During the last 25 years, green tea, which is derived from Camellia sinensis (an evergreen member of the Theaceae family), has gained considerable attention because of its purported antioxidant and anticarcinogenic properties. Believed to have been used by human beings for 4,000 years,1 green tea is now one of the most heavily researched of the antioxidants, with numerous studies of its cutaneous effects appearing in the literature.2 Laden with plant polyphenols, orally administered or topically applied green tea has been shown to display significant antioxidant, chemopreventive, immunomodulatory, and anti-inflammatory activity, affecting the biochemical pathways important in cell proliferation.3-6 For this reason, and due to its global popularity as a beverage, green tea polyphenols are among the most frequently studied herbal agents used in medicine.
Polyphenols, many of which are potent antioxidants, are a large diverse family of thousands of chemical compounds present in plants. The four major polyphenolic catechins present in green tea include: ECG [(-)EpiCatechin-3-O-Gallate], GCG [(-)GalloCatechin-3-O-Gallate], EGC [(-)EpiGalloCatechin], and EGCG [(-)EpiGalloCatechin-3-O-Gallate], the most abundant and biologically active green tea constituent. In fact, EGCG is the component associated with the greatest anticarcinogenic and chemopreventive properties.6
A wide-ranging evidence-based review of the use of botanicals in dermatology, published in 2010, showed that the oral administration, in particular, as well as topical application of antioxidant plant extracts of green tea, among other botanicals, can protect skin against the harmful effects of UV exposure, including erythema, premature aging, and cancer.7
Green tea is thought to be challenging to formulate because of the inherent hydrophilicity of EGCG, which limits penetration into human skin.8,9 Nevertheless, green tea is thought to have great potential in traditional sunscreens to enhance photoprotection.10,11 The photoprotective activity of orally administered or topically applied green tea has been supported in various studies.12-15
The remainder of this column will focus on recent studies of topically applied green tea polyphenols in human beings as well as clinical uses of this agent.
Topical green tea appears to reduce skin inflammation and neutralize free radicals, which explains its popularity as an additive in rosacea and antiaging skin care products. The antiaging effects of green tea are difficult to measure because it functions as an antioxidant that prevents aging and does not have the capacity to increase collagen synthesis or ameliorate already existing wrinkles. However, there is relatively good evidence, in comparison to other antioxidants, suggesting that topically applied green tea can help protect skin from UV radiation.16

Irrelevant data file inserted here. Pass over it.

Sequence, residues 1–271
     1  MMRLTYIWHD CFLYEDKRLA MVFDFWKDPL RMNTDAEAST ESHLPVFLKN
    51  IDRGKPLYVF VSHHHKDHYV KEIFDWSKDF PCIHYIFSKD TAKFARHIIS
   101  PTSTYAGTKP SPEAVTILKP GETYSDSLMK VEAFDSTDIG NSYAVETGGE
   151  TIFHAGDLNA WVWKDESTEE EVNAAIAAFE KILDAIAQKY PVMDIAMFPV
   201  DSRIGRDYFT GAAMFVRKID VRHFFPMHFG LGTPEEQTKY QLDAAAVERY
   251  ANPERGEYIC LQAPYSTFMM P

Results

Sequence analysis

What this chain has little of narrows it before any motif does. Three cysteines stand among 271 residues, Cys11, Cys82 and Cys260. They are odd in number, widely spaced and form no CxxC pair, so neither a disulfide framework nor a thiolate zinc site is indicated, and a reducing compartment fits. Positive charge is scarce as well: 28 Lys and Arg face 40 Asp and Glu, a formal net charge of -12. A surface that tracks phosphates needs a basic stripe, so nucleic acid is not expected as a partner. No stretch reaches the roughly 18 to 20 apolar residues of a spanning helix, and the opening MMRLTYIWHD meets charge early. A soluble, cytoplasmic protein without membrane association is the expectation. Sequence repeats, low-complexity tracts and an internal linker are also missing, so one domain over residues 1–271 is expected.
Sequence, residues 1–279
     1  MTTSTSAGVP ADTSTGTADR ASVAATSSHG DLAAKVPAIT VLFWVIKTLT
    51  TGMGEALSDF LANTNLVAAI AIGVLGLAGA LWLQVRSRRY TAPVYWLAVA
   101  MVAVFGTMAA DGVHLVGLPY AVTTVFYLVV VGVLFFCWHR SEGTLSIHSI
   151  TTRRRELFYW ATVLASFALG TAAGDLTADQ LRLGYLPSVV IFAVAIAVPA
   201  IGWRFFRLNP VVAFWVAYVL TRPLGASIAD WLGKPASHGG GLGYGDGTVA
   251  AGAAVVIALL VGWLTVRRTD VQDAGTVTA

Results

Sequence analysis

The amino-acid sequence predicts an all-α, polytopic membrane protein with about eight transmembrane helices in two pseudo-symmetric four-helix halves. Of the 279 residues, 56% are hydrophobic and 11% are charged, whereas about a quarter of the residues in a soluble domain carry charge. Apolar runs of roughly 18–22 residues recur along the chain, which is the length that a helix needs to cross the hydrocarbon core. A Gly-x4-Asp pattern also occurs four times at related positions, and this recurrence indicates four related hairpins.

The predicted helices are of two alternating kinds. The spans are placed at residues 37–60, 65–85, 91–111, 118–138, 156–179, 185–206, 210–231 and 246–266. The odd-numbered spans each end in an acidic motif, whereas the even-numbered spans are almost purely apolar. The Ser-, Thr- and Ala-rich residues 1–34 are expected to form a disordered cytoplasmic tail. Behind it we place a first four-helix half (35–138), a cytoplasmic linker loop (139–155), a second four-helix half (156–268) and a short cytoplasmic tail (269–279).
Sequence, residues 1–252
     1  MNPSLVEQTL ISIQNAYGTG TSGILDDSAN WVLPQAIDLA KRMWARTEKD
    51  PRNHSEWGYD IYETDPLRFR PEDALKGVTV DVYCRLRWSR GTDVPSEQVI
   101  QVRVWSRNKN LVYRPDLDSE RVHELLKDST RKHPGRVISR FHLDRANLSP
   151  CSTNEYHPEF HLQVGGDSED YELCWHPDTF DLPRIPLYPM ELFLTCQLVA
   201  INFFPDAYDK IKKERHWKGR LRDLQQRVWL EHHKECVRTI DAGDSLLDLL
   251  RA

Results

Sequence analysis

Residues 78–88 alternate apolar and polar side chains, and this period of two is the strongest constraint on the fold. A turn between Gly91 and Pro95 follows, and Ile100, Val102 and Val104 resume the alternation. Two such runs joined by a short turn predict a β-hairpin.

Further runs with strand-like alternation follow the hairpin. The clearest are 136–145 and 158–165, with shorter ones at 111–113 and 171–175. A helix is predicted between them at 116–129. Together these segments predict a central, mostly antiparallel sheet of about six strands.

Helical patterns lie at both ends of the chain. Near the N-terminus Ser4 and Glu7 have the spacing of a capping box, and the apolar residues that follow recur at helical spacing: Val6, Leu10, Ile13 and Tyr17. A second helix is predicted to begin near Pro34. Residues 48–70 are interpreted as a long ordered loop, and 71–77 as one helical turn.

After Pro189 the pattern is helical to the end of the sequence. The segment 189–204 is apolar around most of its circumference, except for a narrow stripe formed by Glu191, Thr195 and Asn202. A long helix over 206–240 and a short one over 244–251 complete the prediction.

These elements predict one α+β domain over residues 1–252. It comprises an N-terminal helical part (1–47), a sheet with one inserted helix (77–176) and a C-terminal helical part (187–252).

Investigators performed a thorough literature search of all in vitro, in vivo, and controlled clinical trials involving green tea formulations and their dermatologic applications, which was published in 2012. They evaluated 20 studies, with evidence suggesting that orally administered green tea displays a broad range of healthy activity, and supportive data for the use of topically applied green tea extract for treatment of various cutaneous conditions, including acne, rosacea, atopic dermatitis, androgenetic alopecia, hirsutism, candidiasis, keloids, leishmaniasis, and genital warts.17
Also, a green tea topical formulation, green tea sinecatechin Polyphenon E (Veregen) ointment, has recently been shown to exert antioxidant, antiviral, and antitumor activity, and has demonstrated efficacy in treating Condylomata acuminata (external anogenital warts).18 In addition, topically applying green tea catechins in the morning in combination with traditional sunscreens is believed to have the potential to protect the skin from UV-induced damage. Topical green tea may improve rosacea, prevent retinoid dermatitis, and play a role in managing pigmentation disorders. Few of the many over-the-counter products that contain green tea catechins have been tested in controlled clinical trials and the concentration of polyphenols in these products is too low to demonstrate efficacy. It is necessary to know the amount of green tea catechins in a formulation to judge its efficacy.
In 2009, in a 6-week study investigating the efficacy of 2% green tea lotion for the treatment of mild-to-moderate acne vulgaris in 20 patients, researchers reported statistically significant reductions in mean total lesion count and mean severity index (devised by the authors to correlate with total lesion count in increasing intensity, scaled from 1 to 3). They concluded that 2% green tea lotion is both an effective and cost effective approach for treating mild-to-moderate acne lesions.19
A 2012 study revealed that ethanol extracts of several herbs, including green tea, exhibited the potential for inhibiting acne when incorporated into a topical moisturizer, specifically acting against acne-causing bacteria without provoking irritation.20 Earlier that year, other investigators conducted in vitro and in vivo experiments to evaluate the effects against acne of polyphenon-60, which contains various green tea catechins (now referred to as sinecatechins in the United States.).21 In this clinical study, patients exhibited improvement in acne symptoms, including a reduction in the number of pustules and comedones.22